• - Such open formats and standards should be commonly adopted across departments and agencies to harmonise the way information is published, reducing the transaction costs of accessing, using and combining data.
  • 4) Put accountability at the core: Open Data needs to mean more than selective release of the datasets that are easiest or most comfortable for governments to open. It should empower citizens to hold government accountable for the performance of its core functions and obligations.
  • - At a minimum, governments should release datasets that are fundamental to citizen-state accountability and underlie key policy debates and decisions, including: (TBD list of data priorities goes here)
  • - Governments should create comprehensive indices of existing government data sets, whether published or not, as a foundation for new transparency policies, to empower public scrutiny of information management, and to enable policymakers to identify gaps in existing data creation and collection.
  • 5) Invest in capacity: Governments should start with initiatives and requirements that are appropriate to their own current capacity to create and release credible data, and that complement the current capacity of key stakeholders to analyze and reuse it. At the same time, in order to unlock the full social, political and economic benefits of open data, all stakeholders should invest in rapidly broadening and deepening capacity.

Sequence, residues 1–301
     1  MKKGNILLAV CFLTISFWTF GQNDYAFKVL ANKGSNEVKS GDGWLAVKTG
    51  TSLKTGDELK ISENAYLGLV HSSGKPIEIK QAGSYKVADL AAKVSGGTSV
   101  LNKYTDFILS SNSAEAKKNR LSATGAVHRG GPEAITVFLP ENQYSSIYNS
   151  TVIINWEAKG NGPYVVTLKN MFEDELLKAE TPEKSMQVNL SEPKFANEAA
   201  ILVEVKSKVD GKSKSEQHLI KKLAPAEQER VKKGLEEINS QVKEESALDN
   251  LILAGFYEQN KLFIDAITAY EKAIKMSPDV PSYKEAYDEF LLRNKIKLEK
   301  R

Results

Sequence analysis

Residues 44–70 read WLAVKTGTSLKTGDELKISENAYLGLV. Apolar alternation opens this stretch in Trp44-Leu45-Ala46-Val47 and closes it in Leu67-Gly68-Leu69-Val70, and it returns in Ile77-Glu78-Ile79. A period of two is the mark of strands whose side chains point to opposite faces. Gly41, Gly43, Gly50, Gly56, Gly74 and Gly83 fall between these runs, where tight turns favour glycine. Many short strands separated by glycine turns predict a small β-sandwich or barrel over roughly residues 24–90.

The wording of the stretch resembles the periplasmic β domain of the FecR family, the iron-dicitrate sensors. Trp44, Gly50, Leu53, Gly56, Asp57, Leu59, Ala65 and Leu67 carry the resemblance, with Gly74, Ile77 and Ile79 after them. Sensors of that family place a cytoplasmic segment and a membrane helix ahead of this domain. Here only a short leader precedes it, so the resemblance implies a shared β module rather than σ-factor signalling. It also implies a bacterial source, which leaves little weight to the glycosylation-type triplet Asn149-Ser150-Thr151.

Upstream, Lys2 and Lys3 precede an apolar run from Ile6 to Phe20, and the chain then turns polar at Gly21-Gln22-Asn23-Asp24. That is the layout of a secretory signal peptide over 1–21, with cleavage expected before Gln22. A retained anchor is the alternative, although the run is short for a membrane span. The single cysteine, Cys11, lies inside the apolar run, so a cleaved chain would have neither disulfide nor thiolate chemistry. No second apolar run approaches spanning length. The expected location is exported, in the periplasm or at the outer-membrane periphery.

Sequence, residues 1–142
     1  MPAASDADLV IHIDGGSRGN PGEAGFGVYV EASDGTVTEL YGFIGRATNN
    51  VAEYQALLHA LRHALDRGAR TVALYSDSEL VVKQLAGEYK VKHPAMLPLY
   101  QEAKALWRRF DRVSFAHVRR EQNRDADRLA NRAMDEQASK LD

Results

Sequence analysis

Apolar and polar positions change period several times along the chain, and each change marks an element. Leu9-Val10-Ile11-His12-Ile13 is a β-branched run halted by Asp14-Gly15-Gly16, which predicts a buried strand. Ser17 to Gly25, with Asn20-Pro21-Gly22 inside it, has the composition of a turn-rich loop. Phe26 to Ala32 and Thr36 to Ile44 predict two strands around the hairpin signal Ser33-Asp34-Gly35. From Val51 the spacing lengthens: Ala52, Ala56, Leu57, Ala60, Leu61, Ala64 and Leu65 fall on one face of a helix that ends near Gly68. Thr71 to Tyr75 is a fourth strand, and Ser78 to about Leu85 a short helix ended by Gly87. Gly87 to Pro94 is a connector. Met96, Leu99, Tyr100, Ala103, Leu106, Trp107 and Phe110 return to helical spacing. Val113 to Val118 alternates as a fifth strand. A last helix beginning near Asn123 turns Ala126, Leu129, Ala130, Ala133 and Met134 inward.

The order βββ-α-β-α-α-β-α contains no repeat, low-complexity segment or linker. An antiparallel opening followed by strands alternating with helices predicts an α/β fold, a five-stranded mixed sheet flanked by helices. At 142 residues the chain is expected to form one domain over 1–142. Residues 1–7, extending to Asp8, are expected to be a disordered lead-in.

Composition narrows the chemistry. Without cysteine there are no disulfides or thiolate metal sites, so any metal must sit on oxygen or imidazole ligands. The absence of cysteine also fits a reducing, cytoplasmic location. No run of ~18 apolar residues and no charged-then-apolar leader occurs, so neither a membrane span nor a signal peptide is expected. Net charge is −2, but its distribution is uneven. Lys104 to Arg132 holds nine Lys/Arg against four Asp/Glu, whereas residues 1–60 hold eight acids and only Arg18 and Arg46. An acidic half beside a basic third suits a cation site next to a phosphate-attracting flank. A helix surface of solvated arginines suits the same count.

• - Governments and their development partners need to invest in making data simple to navigate and understand, available in all national languages, and accessible through appropriate channels such as mobile phone platforms where appropriate.
  • - Governments and their development partners should support training for officials, SMEs and CSOs to tackle lack of data and web skills, and should make complementary investments in improving the quality and timeliness of government statistics.
  • 6) Improve the quality of official data: Poor quality, coverage and timeliness of government information – including administrative and sectoral data, geospatial data, and survey data – is a major barrier to unlocking the full value of open data.
  • - Governments should develop plans to implement the Paris21 2011 Busan Action Plan, which calls for increased resources for statistical and information systems, tackling important gaps and weaknesses (including the lack of gender disaggregation in key datasets), and fully integrating statistics into decision-making.